When I started a business, I never imagined that this beautiful dream would put a microscope on my deepest weaknesses, personal flaws, and unconscious biases. Many of us self-employed creatives who work from home are already experiencing the paradox of creating a polished image for our brands while sitting hunched over a laptop on the couch amidst yesterday’s empty coffee cups. This reality is easy to laugh about and bond over at occasional gatherings with fellow entrepreneurs after we’ve showered, brushed our teeth, and unearthed a pair of classy jeans from the ever-growing pile of dirty laundry.
What is more challenging to openly discuss is that as one’s business outwardly grows, the inner journey of self-growth and reflection intensifies at an exponential rate.
And just as it’s possible to have growing pains from business getting too big too fast, sometimes expedited inner growth hurts, too.
To be fair, the purpose of my business is to further social justice principles, and this kind of activist work constantly asks us to unpeel layers of unconscious bias, to get intimate with our privilege, and to question our intentions at every turn. I’ve had many missteps. There have been moments of getting called on my blind spots—both privately and publicly—that have challenged me to be a better advocate and have deepened my humility.
The easiest criticism to deal with is the kind you can blow off; it’s the trolls hiding behind computer screens, calling you reactionary names, but they’re not your people and your brand was never for them.
It’s the critique from your audience that demands the most attention; often an action you took needs to be corrected and an apology is in order, and as you lay in bed at night, you find yourself being transported to unexplored parts of your soul. No matter how many knock-your-socks-off photos you posted on Instagram that day, you are keenly aware that a faulted human lumbers behind the social media highlight reel. I wish I could say I always handle constructive criticism with the utmost grace, but sometimes getting an up-close view into the gorge between who I am and who I want to be is painful.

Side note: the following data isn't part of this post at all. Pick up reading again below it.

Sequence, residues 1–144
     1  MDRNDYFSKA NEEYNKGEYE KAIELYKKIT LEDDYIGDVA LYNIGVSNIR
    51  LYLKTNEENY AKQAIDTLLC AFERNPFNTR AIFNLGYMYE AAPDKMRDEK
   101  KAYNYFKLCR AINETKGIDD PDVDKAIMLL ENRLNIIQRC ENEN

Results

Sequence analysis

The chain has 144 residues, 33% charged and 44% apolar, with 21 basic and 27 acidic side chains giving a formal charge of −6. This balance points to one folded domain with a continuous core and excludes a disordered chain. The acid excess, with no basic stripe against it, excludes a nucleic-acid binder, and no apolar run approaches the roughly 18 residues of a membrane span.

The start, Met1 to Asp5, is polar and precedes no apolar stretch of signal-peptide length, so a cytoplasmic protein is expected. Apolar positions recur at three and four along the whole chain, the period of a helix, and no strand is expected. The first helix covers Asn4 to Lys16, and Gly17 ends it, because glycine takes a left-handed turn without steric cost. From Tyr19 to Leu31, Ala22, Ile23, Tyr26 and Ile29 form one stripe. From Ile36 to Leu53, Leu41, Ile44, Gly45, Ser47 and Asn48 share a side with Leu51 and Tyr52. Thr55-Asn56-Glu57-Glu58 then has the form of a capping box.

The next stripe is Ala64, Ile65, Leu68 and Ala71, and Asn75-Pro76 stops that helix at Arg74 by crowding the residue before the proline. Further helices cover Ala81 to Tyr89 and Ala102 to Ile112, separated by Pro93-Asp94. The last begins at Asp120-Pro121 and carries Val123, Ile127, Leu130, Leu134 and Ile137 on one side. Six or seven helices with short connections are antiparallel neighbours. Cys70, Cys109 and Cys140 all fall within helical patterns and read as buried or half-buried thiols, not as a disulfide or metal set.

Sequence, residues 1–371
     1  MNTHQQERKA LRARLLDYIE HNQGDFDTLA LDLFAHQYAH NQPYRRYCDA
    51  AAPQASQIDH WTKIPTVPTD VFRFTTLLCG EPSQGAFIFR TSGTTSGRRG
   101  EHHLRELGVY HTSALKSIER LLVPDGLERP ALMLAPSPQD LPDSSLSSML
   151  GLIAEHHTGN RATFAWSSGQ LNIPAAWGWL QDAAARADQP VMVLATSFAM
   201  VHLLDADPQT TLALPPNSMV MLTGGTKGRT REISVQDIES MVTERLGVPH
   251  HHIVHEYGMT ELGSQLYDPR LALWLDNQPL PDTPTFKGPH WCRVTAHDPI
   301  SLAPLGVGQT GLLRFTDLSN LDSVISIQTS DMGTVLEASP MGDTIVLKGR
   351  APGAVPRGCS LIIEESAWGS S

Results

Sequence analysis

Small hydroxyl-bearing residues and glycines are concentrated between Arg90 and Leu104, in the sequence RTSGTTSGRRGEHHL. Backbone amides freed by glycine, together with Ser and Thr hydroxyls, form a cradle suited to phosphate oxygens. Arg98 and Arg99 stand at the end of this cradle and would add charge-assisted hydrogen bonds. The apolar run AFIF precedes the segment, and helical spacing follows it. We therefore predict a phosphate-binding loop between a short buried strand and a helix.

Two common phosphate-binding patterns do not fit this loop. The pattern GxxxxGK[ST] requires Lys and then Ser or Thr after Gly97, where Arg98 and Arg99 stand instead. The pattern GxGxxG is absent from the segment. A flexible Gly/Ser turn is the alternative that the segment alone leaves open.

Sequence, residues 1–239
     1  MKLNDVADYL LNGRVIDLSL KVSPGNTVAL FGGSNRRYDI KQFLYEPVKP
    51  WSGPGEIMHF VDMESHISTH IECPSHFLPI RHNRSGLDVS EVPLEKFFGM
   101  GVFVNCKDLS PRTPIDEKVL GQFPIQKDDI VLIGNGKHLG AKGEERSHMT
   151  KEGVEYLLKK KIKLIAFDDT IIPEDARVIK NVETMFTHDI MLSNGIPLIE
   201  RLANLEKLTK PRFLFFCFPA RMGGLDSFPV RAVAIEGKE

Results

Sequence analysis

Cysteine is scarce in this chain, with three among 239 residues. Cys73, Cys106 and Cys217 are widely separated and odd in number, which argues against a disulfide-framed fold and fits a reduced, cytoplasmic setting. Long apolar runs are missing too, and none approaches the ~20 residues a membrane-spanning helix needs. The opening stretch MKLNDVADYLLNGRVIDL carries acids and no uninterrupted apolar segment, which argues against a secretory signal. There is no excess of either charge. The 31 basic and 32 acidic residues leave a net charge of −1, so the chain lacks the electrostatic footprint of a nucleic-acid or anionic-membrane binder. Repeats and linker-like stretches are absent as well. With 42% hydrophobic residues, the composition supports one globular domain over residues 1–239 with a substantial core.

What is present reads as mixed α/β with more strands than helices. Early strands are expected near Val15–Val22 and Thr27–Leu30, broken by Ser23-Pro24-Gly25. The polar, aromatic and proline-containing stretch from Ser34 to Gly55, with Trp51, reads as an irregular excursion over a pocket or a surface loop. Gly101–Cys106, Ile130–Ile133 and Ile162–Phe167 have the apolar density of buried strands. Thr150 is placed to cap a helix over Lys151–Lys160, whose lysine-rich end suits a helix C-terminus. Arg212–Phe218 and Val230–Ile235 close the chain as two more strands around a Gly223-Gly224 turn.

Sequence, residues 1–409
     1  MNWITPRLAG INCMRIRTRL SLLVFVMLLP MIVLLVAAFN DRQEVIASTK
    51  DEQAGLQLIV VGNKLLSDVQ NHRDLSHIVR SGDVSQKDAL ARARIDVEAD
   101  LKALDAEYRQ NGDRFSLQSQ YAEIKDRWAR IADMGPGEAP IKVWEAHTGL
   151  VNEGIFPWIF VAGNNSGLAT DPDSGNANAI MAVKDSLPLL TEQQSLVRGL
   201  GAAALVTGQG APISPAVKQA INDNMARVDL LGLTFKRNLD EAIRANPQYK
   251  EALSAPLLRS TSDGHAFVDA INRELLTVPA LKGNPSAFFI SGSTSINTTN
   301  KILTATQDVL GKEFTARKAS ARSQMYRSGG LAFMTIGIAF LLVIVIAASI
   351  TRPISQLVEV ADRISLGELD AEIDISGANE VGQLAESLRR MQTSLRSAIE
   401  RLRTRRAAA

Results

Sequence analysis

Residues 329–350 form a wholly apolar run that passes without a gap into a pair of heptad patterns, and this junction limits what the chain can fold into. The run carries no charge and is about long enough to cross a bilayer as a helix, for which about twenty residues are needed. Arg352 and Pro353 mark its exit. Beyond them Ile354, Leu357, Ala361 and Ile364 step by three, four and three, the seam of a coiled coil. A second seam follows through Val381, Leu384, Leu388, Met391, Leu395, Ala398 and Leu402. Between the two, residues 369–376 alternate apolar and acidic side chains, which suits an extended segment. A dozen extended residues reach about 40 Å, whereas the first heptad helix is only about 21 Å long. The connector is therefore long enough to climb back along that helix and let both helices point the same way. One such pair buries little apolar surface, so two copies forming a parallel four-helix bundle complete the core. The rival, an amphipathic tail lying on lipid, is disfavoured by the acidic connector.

But practicing the skill of humility comes handy for other moments in business: interpersonal conflict between co-founders, lapsed email correspondence, and poor time management to name just a few.
None of us is an expert at every aspect of our business; a wise CEO knows both her strengths and weaknesses equally and delegates important work to people who complement her.
I think the hardest part about this is that sometimes you think you hold a strength—either personally or in business—but patterns over time begin to erode that belief.
I’m not suggesting you better hone what’s lacking; the only craft to perfect is that of letting go, of kindness, of gentleness. To me, authenticity in business means dealing with what’s in front of you at any single moment in the most honest way you know how. There’s no time for that punitive voice in your head. You’ll never be able to sustain the work it takes to grow if you’re judging yourself the whole way because when critiques or self-doubt arise, your first thought will be “maybe I should give up.”
And might I suggest you offer this same kindness to people you work with, brands you collaborate with, and clients you serve? We can all hold each other accountable while simultaneously acknowledging each other’s humanity. Running your own business means finding the balance between strength and softness and having the courage and humility to know when you’ve strayed too far in either direction.
Our businesses are reflections of ourselves—it’s easy to point to places where we excel and where we could improve; therefore, it only serves us to be authentic and honest people, knowing our personal growth is not just a by-product of entrepreneurship, but rather a necessity for success.